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Fast Comment FinlandPositive trend continues in the Finnish labour market

  1. Unemployment rate (S.A.) at 8.4 percent in February
  2. Employment rate surged to 71.1 percent
  3. Employment expectations are high
Unemployment rate (S.A.) 8.4 percent in February
According to Statistics Finland's ILO/EU-compatible Labour Force Survey, the seasonally-adjusted unemployment rate was 8.4 percent in February 2018. In a year-on-year comparison, the unemployment rate decreased by 0.3 percentage points.
Employment rate surged to 71.1 percent
Employment increased by 79,000 people from a year ago and the labour force increased by 70,000 people y-o-y. The number of unemployed decreased by 9,000 people y-o-y in February. The seasonally-adjusted employment rate has increased rapidly from February 2017, by 2.1 percentage points, and stood at 71.1 percent in February 2018. The seasonally-adjusted unemployment rate among young people (aged 15-24) decreased by 1.9 percentage points compared to last year, to 18.3 percent.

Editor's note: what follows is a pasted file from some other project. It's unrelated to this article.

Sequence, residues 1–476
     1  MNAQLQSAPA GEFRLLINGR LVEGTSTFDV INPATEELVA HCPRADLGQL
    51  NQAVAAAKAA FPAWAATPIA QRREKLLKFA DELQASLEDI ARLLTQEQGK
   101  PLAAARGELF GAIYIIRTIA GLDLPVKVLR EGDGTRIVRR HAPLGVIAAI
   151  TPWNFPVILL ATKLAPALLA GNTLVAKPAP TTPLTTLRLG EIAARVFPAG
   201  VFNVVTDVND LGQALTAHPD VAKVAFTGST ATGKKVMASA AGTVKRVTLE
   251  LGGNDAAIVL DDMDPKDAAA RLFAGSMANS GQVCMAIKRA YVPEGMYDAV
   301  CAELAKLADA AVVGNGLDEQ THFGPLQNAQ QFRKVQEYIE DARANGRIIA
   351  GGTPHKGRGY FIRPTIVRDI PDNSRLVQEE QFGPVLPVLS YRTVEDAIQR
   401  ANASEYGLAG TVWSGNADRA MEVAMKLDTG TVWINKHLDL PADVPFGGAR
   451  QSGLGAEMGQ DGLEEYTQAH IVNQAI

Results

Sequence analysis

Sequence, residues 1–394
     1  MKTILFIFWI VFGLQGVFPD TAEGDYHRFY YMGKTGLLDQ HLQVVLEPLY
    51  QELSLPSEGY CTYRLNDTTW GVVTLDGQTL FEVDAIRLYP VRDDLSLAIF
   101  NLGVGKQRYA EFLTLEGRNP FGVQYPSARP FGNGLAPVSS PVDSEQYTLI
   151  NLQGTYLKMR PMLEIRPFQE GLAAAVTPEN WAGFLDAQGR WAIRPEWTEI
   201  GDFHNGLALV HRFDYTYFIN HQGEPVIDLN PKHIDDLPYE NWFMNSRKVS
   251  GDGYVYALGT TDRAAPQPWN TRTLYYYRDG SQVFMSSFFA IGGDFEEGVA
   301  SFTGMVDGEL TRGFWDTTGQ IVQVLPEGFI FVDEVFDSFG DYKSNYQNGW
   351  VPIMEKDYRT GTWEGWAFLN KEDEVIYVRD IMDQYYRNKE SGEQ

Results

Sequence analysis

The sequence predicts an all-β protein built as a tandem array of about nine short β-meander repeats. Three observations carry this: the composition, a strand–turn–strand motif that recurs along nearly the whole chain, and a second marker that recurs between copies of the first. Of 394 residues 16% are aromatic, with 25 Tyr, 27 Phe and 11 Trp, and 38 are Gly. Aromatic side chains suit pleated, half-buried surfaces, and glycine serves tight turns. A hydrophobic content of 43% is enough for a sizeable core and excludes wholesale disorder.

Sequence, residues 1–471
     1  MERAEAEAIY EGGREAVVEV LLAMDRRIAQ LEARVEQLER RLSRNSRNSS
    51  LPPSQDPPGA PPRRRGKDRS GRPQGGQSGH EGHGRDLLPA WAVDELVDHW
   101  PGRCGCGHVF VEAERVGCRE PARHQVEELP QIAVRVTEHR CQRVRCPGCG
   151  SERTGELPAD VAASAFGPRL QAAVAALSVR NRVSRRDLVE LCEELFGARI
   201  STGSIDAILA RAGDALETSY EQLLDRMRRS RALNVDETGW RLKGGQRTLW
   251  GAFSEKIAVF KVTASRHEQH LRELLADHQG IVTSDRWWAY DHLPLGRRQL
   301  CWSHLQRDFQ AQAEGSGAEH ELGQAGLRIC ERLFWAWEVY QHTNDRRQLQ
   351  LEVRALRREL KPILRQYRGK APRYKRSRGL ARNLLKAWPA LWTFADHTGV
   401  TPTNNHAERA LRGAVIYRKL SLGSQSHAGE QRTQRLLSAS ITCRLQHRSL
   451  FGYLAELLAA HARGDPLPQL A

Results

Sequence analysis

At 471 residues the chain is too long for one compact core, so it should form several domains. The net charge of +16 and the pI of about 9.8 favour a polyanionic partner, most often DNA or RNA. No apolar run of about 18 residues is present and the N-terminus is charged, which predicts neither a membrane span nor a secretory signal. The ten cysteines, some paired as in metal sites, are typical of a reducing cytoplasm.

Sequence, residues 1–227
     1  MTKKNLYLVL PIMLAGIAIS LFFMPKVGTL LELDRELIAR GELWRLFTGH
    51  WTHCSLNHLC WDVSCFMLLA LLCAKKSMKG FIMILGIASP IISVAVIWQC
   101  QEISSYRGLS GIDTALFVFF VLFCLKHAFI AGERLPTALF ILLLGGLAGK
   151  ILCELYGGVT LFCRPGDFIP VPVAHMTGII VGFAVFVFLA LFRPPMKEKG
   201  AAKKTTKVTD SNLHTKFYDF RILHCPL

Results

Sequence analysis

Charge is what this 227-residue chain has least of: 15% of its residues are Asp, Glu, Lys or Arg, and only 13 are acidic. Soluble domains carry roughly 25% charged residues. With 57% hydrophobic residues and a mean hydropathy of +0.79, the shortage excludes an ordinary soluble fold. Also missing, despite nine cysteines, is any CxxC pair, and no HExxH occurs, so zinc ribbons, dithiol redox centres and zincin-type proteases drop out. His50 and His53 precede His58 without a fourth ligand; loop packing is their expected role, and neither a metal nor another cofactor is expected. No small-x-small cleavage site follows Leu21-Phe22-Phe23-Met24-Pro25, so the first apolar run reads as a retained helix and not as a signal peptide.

Employment expectations are high
The Finnish labour market is continuing on a slowly improving trend. Employment is growing rapidly from the year-ago levels and the employment rate is surging. February's reading of 71.1 percent for the employment rate is the highest in the history of current statistics, first published in 2006. The previous high of 71.0 was recorded in June 2008, just before the financial crisis hit the Finnish economy. Despite the growing employment, the seasonally-adjusted unemployment rate has only decreased moderately. This is due to continued expansion in the labour force as lots of people are returning to the labour market. The positive employment trend is likely to continue. The Finnish economy is expected to grow briskly this year and there is a need for new employees in many sectors. Company surveys reveal that employment expectations are very high in industrial, construction and retail trade sectors. In addition, the Finnish government's measures to promote employment are having an impact and the government’s employment target of 72 percent by April 2019 looks achievable.



Janne Ronkanen

Senior Economist


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